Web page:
“Correct answers are essential… but they’re part of the process, they’re not the product. The product is the math the kids walk away with in their heads…” – Phil Daro, co-author of CCSM
SBAC (or CAASPP, if you prefer) and how to prep for it while keeping the focus on learning and the stress level low.
So how do we know what students have in their heads? One formative assessment approach is to use the SBAC practice questions-my CPM students tackle them with aplomb, and enjoy seeing the answer keys and details behind each one. I learn as much as they do as we take each one apart and see what makes it tick.
Common Core has a deliberate sequence of skills that follow from 6th to 7th to 8th grade. We can see a little of the sequence in the practice problems below from SBAC. If we look at the computerized assessments as a video game, then students can” level up” each year. (See the progressions here: fascinating, and not light going-you may need a glass of wine!
One low impact way to teach the curriculum and prep kids for the test can be paper & pencil warm ups such as these, taken from the practice problem sets.
The following 3 practice questions are my attempt to show a progression from the SBAC. Links are provided for easy access.
Grab paper & pencil and actually solve these 3 problems- you’ll learn a lot
- 6th grade Expressions & Equations DOK 21…will you find them all?
Note: Multiple choice has not gone away, but it is in a new form, how many “8t+34”s will 6th graders find? They can mark them all 🙂
- 7th grade Expressions & Equations DOK 2; Part B looks evil but has an easy out…
Part B Note: ½ (anything)=7, the “anything” has to be 14…see the shortcut? (c+6) has to =14J. The advantage of CCSM is that kids get to explore the cool alternative methods to solve!
- 8th grade Expressions & Equations DOK 2; who actually reads the directions these days?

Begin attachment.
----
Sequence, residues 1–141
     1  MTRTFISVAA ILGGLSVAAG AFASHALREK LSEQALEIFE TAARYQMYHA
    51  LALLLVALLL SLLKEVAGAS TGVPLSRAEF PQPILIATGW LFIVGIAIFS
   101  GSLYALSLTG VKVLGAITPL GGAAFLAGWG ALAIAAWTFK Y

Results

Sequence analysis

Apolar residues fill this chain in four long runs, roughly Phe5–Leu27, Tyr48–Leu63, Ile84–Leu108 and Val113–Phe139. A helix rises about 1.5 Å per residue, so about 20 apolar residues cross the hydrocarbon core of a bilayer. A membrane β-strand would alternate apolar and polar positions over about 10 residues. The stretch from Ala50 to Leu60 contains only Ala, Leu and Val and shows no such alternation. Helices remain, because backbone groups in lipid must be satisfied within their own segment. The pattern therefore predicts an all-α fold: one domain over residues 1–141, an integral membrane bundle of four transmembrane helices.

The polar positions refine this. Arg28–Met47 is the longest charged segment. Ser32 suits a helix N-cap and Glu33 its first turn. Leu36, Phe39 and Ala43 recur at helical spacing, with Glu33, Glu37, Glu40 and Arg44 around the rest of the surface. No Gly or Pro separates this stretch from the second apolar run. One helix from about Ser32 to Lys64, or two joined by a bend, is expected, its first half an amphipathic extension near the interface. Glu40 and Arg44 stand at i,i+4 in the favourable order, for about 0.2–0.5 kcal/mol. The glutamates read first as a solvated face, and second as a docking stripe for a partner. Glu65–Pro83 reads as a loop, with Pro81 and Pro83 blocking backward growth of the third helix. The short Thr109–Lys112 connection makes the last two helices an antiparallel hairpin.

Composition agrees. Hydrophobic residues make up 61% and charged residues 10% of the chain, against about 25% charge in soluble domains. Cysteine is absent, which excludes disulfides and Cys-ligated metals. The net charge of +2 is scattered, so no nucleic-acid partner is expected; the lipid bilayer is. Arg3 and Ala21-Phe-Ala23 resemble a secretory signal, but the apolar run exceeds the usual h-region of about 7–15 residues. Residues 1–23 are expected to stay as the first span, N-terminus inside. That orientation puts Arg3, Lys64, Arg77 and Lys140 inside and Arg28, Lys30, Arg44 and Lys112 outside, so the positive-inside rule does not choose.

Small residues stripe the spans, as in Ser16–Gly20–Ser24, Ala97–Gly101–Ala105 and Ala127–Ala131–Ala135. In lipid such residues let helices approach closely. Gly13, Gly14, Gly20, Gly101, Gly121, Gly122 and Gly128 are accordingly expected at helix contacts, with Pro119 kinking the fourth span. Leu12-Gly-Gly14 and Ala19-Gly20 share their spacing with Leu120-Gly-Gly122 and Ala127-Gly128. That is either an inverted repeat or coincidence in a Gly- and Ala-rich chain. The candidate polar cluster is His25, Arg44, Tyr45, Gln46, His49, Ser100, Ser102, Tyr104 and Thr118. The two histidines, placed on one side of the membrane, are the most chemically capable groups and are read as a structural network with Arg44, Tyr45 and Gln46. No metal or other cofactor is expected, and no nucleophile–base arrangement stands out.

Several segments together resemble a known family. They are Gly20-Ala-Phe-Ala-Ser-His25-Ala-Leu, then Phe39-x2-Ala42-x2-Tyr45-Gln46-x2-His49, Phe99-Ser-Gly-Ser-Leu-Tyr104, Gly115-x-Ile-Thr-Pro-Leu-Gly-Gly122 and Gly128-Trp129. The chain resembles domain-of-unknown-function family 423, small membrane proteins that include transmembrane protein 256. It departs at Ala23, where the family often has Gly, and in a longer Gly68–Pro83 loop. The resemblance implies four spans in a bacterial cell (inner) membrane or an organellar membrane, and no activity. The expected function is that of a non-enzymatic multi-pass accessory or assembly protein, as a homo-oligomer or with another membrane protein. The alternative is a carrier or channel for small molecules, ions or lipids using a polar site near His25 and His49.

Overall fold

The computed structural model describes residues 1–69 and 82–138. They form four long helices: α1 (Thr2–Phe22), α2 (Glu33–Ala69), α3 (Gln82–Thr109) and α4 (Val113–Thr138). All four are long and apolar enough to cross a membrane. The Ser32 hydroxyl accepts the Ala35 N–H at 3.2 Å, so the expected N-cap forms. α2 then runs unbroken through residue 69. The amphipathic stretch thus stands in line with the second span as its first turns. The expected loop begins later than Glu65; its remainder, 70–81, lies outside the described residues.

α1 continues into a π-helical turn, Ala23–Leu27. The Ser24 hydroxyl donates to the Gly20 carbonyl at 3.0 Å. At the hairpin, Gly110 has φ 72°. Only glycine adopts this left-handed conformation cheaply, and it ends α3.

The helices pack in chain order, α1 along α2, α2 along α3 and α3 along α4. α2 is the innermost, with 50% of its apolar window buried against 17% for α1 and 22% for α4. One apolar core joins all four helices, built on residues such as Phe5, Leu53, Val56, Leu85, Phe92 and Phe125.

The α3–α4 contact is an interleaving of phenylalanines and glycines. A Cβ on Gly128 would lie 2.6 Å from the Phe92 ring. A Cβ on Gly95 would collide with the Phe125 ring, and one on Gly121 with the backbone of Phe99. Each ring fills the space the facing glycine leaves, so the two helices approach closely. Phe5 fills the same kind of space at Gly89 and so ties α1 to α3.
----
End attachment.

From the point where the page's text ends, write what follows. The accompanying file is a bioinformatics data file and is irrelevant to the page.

Note: (I could do this all day!) The temptation is to skip the directions and zoom to a fast, wrong answer…4x+2, right? Kids definitely need to learn to READ, even in math class! Oh, “no solution” you say? Now the DOK 2 makes a little more sense. 4x + anything but 2 is the correct answer on this one.
Time for a huge parenthetical note (I have a big parenthetical note addiction):
Did you notice the Depth of Knowledge (DOK) level? My 8th graders are very interested in DOK now, and they critique many class problems as to level.
Not all educators are crazy about this graphic, but it does for a start- a good 4 minute video is at http://schools.nyc.gov/Academics/CommonCoreLibrary/ProfessionalLearning/DOK/default.htm
If you want to nerd out further on DOK, http://svesd.net/files/DOK_Question_Stems.pdf is a good place to start.) (End of parentheses!…For now.)
To wrap up for February: Over several months, I have seen students learn a lot about content and format from using the SBAC practice problems as warm ups one problem at a time. They are easy to correlate to the lessons we have done through out the year, and offer a low stress method to set each student up for a comfortable and familiar feeling during testing. You can contact me at firstname.lastname@example.org to further this discussion and offer any tips you have for using SBAC to implement or support the CCSMJ
Next month: Cooperative learning and why it’s worth it.